Canine-lovers have plenty to celebrate, what with this year being 戌年 (Inu-doshi, the Year of the Dog). If you’re wondering why Inu-doshi uses the kanji 戌 instead of the more familiar 犬, the former means “a good or valuable dog,” the latter your garden-variety plain mutt. The 干支 (eto, Chinese zodiac) uses special kanji, so it’s 戌.
Dogs and the Japanese go way back, as attested by the presence of the 狛犬 (komainu, lion-dog deity statue) adorning the gates and grounds of Shinto shrines all over Japan. In the late Edo Period (1842, to be precise), the best-selling novel series of the time was 南総 里見八犬伝 (Nansō Satomi Hakkenden, “Eight Dog Chronicles”), which actually had very little to do with dogs per se, the focus being on the dog character 犬 that figures in the characters’ names. Dogs were trendy for most of the Edo Period thanks to the fifth shogun, Tokugawa Tsunayoshi, and his famed 生類憐みの令 (Shōrui Awaremi no Rei, Law Prohibiting Cruelty to Animals).
Tsunayoshi had a lot of angst about being childless and consulted his mother’s favorite monk. This monk told him to put a ban on animal killing, with special emphasis on the dog (Tsunayoshi himself was an Inu-doshi man), which would appease the gods — enough to grant the shogun an heir.
Tsunayoshi subsequently spent the whole of his 29-year reign as a champion of canine rights and even opened an 犬屋敷 (inu-yashiki, “dog palace”) for strays in Nakano, right where the 区役所 (kuyakusho, ward office) stands today. Edo citizens had to foot the bill for the inu-yashiki with tax hikes, and any grumblings were met with heavy punishment. In spite of this, or perhaps because of it, Tsunayoshi remained childless.
On his deathbed, Tsunayoshi asked his successor, Tokugawa Ienobu, to continue with the law and protect his beloved dogs. Ienobu agreed, but as soon as Tsunayoshi drew his last breath, turned right around and ditched the law. Edo heaved a huge sigh of relief as the inu-yashiki was dismantled and life resumed its feudal course.
Still, dogs have always been in public favor. A much-loved folk tale is 花咲か爺さん (Hanasaka Jiisan — literally, “Flower Blossoming Grandpa”), which features an old man and his loyal dog ポチ (Pochi) (sometimes known as Shiro). Pochi tells the old man to dig up the yard for buried gold, which he proceeds to do, thereby coming into a huge fortune. Jealous of this old man’s good luck, a spiteful next-door neighbor kills poor Pochi. The old man is heartbroken over the loss of his pet and scatters the dog’s ashes on a withered tree whereupon the branches suddenly burst into 桜 (sakura) blossoms.
Such tales of canine loyalty abound. Very few Japanese can tell you the names of the explorers on Japan’s first postwar expedition to Antarctica, but most everyone knows the dogs タロ (Taro) and ジロ (Jiro), which were part of the dog sleigh team and managed to survive for a year on their own after the explorers returned to Japan. Their commemorative statues stand outside Tokyo Tower.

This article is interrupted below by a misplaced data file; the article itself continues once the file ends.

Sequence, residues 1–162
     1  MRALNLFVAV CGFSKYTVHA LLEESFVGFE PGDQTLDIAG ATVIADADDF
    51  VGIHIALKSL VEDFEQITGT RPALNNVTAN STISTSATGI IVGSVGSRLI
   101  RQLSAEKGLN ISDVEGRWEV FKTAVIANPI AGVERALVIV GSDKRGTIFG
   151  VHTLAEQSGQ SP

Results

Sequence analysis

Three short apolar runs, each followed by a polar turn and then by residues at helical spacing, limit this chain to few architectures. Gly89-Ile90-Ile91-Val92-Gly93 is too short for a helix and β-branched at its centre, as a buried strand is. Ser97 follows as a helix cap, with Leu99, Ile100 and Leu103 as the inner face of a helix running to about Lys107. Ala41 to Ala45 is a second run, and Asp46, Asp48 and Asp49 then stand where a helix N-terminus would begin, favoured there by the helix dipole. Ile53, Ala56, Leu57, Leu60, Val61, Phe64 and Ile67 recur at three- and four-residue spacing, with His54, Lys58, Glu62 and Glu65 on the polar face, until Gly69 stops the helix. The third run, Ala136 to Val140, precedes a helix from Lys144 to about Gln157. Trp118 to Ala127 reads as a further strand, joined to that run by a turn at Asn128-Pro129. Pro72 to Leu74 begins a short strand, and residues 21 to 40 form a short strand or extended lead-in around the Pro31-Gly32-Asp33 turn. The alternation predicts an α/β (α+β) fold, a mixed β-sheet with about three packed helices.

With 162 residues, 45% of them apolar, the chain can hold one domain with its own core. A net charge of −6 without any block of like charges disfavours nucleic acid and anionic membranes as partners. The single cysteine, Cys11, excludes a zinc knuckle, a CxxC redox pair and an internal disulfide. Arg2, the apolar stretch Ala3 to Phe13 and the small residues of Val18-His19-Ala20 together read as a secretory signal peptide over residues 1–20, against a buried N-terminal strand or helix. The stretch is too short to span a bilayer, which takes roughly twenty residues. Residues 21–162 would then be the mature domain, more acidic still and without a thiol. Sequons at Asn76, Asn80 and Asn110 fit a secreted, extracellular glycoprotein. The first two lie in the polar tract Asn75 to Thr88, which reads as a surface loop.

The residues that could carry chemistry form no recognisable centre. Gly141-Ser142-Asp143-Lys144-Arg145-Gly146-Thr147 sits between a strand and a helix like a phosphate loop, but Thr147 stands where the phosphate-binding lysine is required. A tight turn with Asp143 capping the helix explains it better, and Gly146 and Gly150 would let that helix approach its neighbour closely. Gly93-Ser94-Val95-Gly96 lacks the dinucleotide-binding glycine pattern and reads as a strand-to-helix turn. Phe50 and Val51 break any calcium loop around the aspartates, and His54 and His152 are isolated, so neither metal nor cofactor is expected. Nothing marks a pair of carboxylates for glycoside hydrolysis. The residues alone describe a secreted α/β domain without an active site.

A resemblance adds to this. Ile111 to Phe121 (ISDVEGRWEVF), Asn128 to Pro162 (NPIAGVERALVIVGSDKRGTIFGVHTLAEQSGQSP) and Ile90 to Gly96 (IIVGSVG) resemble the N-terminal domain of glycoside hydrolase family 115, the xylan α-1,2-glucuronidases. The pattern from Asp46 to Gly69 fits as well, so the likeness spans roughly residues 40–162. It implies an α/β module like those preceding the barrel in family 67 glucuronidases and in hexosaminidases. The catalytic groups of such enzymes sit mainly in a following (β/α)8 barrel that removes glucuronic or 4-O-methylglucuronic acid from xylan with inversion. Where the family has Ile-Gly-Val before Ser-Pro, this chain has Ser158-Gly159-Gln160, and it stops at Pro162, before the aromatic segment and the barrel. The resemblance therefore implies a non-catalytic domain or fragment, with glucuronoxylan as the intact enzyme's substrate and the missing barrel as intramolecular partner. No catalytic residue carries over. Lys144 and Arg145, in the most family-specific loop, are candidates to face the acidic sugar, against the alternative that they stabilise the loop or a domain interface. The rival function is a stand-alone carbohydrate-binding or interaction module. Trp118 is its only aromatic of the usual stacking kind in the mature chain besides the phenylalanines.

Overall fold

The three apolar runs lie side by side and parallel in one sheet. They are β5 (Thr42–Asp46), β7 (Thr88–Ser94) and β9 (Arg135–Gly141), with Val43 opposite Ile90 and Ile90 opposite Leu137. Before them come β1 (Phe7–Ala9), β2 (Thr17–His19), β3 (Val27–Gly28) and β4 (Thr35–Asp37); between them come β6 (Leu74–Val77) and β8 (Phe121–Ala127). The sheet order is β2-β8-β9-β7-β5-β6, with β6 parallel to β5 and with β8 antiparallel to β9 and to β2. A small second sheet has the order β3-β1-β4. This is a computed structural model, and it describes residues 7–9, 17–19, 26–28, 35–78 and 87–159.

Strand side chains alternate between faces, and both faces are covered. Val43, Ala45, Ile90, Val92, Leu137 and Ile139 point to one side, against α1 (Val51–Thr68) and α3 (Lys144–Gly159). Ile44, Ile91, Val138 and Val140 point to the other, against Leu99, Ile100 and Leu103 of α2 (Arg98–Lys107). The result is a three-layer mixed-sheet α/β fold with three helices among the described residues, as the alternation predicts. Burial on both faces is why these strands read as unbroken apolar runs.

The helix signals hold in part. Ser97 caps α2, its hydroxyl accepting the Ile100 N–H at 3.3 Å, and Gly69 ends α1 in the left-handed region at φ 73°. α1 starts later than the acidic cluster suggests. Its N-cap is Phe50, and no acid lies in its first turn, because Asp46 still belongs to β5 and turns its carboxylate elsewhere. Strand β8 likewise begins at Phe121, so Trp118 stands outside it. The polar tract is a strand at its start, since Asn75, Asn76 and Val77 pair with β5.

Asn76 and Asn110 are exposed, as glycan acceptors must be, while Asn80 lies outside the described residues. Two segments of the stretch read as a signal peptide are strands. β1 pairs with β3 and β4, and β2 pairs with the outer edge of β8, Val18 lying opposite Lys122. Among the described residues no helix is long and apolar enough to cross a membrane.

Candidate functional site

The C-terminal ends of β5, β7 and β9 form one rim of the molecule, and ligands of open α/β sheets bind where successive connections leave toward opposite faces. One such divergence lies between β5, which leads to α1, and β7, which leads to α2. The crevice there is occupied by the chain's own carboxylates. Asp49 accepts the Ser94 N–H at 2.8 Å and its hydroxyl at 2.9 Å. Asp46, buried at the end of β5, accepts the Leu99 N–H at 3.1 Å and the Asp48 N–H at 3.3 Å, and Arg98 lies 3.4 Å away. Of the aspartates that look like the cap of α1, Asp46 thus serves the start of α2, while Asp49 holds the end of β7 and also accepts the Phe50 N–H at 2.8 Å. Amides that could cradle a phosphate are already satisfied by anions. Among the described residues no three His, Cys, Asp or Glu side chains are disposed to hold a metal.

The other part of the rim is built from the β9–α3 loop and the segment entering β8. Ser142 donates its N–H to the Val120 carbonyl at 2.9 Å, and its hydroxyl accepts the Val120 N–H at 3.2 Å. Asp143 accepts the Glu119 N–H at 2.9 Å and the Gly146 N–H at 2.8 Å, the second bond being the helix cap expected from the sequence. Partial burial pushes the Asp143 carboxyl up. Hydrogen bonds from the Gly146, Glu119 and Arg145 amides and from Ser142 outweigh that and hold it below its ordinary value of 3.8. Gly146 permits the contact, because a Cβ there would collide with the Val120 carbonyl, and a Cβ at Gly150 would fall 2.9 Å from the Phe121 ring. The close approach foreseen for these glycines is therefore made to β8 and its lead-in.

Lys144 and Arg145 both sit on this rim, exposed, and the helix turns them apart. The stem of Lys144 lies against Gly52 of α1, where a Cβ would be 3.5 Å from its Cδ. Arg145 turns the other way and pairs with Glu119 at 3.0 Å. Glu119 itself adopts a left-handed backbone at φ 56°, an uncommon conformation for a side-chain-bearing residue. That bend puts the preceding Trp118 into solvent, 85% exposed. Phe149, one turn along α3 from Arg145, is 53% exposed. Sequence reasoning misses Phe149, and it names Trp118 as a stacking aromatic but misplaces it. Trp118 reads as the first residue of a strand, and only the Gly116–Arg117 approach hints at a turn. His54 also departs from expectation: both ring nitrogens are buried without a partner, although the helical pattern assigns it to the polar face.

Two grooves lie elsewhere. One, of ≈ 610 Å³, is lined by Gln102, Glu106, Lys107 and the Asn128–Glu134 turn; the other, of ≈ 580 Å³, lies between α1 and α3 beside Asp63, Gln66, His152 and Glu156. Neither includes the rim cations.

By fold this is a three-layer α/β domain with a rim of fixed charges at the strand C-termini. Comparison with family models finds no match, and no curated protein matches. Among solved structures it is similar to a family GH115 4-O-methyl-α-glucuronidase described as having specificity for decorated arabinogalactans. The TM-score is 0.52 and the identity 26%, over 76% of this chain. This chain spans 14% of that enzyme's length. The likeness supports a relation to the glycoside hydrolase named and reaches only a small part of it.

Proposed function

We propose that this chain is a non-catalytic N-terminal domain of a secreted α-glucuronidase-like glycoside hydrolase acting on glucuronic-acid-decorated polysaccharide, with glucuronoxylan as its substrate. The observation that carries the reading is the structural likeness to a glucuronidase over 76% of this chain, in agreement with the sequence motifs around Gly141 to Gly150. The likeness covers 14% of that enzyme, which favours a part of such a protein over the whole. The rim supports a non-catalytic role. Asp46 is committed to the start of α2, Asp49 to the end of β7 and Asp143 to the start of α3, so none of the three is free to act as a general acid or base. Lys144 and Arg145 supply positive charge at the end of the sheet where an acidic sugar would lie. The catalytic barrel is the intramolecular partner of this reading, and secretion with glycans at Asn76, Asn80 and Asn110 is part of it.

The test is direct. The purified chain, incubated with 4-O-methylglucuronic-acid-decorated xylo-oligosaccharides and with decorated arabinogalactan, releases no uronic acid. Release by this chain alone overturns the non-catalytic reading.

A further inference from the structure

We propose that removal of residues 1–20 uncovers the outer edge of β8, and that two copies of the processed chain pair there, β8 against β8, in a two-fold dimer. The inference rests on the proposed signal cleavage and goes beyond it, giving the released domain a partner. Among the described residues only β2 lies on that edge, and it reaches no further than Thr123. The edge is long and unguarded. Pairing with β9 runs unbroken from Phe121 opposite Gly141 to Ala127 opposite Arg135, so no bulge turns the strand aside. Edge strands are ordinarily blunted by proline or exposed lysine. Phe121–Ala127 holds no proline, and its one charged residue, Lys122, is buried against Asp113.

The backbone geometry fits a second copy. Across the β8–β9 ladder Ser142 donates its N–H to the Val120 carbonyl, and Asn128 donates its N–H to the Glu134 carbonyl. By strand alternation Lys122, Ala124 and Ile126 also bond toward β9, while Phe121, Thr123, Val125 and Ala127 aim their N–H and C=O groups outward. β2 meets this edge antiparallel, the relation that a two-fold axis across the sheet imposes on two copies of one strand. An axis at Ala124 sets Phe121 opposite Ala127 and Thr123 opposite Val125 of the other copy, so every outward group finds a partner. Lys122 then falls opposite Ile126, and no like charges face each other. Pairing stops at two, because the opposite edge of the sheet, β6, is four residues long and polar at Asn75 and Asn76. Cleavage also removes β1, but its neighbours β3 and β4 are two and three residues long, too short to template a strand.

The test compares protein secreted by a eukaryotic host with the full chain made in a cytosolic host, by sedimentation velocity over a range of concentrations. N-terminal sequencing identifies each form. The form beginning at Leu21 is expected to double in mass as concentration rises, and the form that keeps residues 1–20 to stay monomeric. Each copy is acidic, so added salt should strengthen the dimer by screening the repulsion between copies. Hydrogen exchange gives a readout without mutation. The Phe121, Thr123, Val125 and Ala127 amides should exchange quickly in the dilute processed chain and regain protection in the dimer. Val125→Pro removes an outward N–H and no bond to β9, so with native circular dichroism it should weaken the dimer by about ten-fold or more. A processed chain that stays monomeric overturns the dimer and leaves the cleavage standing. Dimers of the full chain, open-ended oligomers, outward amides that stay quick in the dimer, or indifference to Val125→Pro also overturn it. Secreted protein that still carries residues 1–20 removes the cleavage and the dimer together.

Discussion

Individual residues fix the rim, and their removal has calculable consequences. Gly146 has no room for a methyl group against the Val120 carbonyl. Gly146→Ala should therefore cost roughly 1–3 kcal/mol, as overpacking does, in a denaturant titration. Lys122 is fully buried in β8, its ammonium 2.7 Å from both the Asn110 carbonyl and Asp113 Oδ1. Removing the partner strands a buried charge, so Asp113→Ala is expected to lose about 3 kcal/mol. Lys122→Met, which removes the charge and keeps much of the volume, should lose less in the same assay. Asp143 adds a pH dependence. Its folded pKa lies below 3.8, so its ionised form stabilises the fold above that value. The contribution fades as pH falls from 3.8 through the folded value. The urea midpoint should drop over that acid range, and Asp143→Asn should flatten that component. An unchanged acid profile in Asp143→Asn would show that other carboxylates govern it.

One of the first things the Western visitor discovers upon arrival in this country is that dogs bark “wan wan” instead of “bow wow,” and you haven’t really, truly arrived until you’ve taken a selfie in front of the Hachiko statue outside Shibuya Station. The station exit is even named after Hachi, the loving and loyal 秋田犬 (Akita-ken, Akita dog (Akita is a breed)) who waited outside the station exit for his deceased master to come home every night for nearly 10 years.
Which brings us to “Hachi,” the Hollywood remake of same-titled Japanese movie, that starred Richard Gere. In the U.S., Gere may be synonymous with the studly officer in “An Officer and a Gentleman,” but in Japan he’s best known as Hachi’s American master.
Inu-doshi people are known to be faithful, tenacious and family-oriented. Inu women are said to make excellent mothers, since dogs have easy births and are responsible caretakers of their litter. Inu men are said to display too much loyalty sometimes, though they are said to shine in professions like 議員秘書 (gi’in hisho, parliamentary aide), 消防士 (shōbōshi, firefighter), 警察官 (keisatsukan, policeman) and others who have no trouble with authority figures.
Inu women and inu men are said to make great marriages together, whereas the inu and the 猿 (saru, monkey) will be at each other’s throats. There’s a phrase about how dogs and monkeys don’t get along: 犬猿の仲 (ken’en no naka, the dog-monkey relationship).
Interestingly, inu men are said to be friendly and outgoing, but the women are more likely to give strangers a wide berth until they have been proven trustworthy. Inu women are also said to make hardworking entrepreneurs, but they have no organizational skills and are bad at household chores.
The verdict on 今年の運勢 (kotoshi no unsei, this year’s fortune) for inu folks is that 2018 will be 穏やか (odayaka, quiet and gentle). Apparently it’s the year for rest and self-care, because on other years dog people internalize their anger and hoard a lot of stress.
On the other hand, here’s an old dog-related phrase: 犬も歩けば棒に当たる (Inu mo arukeba bō ni ataru, When a dog goes walking, it can bump into a stick). The phrase has a double meaning: 1) It’s best not to get too adventurous, so as to avoid unforeseen disaster, or 2) Once you get out there, you may have a run of unexpected good luck.
Just something to chew on, for all the dog people out there.